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October 1, 1997

Doing What's Best for Patients: 1957 and 1997-Reply

JAMA. 1997;278(13):1062. doi:10.1001/jama.1997.03550130036026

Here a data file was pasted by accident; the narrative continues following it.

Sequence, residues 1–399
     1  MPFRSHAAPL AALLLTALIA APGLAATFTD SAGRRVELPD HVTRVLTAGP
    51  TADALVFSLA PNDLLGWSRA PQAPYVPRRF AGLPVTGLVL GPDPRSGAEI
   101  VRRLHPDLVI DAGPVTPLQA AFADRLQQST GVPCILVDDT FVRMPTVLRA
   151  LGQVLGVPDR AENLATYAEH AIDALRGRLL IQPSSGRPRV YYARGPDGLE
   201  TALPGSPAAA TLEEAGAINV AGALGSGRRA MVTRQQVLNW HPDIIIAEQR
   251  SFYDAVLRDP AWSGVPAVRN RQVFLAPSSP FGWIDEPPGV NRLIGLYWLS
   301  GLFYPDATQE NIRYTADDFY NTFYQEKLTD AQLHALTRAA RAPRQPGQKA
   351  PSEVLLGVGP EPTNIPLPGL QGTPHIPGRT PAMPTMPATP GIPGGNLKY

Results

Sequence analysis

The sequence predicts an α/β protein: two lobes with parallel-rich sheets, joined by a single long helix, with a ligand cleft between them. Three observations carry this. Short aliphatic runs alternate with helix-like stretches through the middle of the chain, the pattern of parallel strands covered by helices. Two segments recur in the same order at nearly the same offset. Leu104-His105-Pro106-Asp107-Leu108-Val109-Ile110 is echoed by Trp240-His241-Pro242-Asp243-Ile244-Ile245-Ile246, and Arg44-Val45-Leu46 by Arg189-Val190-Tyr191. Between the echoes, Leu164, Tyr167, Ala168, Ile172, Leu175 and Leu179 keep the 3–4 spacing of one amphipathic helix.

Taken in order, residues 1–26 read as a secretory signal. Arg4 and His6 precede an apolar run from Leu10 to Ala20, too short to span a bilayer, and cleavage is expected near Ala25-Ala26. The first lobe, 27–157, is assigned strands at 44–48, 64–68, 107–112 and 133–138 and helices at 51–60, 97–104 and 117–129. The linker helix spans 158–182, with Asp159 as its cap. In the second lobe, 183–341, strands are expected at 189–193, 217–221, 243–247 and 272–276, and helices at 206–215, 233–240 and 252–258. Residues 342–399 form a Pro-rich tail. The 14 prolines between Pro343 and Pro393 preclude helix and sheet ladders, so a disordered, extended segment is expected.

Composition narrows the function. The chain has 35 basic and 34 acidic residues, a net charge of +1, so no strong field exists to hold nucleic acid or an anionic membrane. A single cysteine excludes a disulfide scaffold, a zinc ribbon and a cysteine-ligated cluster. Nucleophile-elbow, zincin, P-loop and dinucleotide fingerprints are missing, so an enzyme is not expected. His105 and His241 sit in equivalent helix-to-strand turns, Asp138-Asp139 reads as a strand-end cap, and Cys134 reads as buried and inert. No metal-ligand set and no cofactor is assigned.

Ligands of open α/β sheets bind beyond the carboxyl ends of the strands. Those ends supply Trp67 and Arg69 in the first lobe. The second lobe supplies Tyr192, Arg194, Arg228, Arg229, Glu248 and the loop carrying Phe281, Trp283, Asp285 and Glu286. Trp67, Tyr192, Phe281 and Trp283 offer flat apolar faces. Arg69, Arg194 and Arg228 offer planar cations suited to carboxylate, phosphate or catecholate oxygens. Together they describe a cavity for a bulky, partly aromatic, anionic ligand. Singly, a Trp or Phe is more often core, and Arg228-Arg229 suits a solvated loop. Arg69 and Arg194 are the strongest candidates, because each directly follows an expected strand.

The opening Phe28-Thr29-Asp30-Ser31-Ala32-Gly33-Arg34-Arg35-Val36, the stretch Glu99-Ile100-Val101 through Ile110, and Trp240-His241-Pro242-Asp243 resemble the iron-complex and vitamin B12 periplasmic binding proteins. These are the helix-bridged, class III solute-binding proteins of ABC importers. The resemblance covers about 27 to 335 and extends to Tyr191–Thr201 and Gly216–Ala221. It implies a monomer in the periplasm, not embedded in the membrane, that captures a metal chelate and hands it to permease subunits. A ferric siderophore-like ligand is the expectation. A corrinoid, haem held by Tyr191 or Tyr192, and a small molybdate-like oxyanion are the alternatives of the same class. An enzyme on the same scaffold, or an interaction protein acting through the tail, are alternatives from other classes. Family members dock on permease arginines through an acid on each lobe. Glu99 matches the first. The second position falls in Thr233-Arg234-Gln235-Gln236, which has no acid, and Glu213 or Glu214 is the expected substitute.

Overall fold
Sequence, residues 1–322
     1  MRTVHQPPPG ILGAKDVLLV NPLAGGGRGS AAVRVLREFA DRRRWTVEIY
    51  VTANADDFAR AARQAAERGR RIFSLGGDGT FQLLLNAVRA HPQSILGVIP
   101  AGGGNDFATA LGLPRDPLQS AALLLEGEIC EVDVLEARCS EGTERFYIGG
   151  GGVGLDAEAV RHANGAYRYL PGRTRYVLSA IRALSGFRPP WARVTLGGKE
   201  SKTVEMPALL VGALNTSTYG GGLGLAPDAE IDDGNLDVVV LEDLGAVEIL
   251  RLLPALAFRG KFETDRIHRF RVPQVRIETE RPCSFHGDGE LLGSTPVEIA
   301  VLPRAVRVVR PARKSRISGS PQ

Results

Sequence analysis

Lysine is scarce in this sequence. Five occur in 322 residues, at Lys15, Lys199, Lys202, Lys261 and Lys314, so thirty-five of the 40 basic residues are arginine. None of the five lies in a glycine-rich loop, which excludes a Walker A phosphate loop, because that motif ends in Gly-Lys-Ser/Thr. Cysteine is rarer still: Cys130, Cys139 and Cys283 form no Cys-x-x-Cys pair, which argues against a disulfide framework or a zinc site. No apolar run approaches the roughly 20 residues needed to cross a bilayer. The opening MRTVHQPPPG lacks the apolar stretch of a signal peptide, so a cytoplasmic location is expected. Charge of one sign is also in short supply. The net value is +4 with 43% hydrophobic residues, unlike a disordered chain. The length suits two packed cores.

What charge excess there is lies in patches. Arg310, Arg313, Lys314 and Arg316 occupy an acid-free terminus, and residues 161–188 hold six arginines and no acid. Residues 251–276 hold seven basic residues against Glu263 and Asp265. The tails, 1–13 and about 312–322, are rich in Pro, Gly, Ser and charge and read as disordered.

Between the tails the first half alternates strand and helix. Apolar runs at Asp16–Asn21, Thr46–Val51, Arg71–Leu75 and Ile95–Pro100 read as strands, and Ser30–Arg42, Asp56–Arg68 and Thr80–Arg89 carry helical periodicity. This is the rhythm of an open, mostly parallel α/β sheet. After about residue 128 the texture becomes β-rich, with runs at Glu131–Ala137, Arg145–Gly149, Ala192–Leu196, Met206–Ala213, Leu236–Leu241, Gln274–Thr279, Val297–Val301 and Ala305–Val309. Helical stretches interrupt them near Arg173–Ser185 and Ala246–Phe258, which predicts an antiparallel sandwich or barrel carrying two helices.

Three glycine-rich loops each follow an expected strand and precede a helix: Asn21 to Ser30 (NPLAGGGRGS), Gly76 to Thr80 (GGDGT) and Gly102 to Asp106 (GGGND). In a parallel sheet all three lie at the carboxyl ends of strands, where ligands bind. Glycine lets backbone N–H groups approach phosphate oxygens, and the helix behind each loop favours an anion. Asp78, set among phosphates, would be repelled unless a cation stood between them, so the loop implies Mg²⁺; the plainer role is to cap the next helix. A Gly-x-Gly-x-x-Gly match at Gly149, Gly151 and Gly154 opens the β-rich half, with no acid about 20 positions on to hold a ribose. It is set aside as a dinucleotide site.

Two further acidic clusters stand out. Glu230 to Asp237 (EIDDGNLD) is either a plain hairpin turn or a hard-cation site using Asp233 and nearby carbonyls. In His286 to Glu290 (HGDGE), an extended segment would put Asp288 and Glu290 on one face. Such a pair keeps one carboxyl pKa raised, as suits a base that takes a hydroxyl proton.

In Reply.  —Mr Kelly correctly notes the imperative to put health needs before professionals' self-interest. There is always the danger that this priority order is reversed; every professional and every professional organization must always be vigilant. This need for vigilance is what motivated the Sesquicentennial Conference, its theme, and its strong attendance.While Kelly is correct in noting that the Principles of Medical Ethics omit 2 important 1957 statements, he may have missed the Fundamental Elements of the Patient-Physician Relationship, reproduced below, which address the issues and without which the current Principles of Medical Ethics are not complete or properly read. Both are to be found in the volume that compiles the many ethics positions that together make up the current AMA Code of Medical Ethics.1The Fundamental Elements of the Patient-Physician Relationship:1. The patient has the right to receive information from physicians and to discuss the benefits, risks, and